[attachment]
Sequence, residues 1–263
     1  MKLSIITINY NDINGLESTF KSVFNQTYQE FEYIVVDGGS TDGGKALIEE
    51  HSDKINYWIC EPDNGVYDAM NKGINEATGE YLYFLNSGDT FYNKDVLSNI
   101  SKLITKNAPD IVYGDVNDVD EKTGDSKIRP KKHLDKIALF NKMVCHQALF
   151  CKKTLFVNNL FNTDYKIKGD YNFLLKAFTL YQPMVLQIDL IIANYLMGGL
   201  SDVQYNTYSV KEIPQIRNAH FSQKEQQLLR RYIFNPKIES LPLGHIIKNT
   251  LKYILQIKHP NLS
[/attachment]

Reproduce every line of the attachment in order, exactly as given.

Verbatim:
Sequence, residues 1–263
     1  MKLSIITINY NDINGLESTF KSVFNQTYQE FEYIVVDGGS TDGGKALIEE
    51  HSDKINYWIC EPDNGVYDAM NKGINEATGE YLYFLNSGDT FYNKDVLSNI
   101  SKLITKNAPD IVYGDVNDVD EKTGDSKIRP KKHLDKIALF NKMVCHQALF
   151  CKKTLFVNNL FNTDYKIKGD YNFLLKAFTL YQPMVLQIDL IIANYLMGGL
   201  SDVQYNTYSV KEIPQIRNAH FSQKEQQLLR RYIFNPKIES LPLGHIIKNT
   251  LKYILQIKHP NLS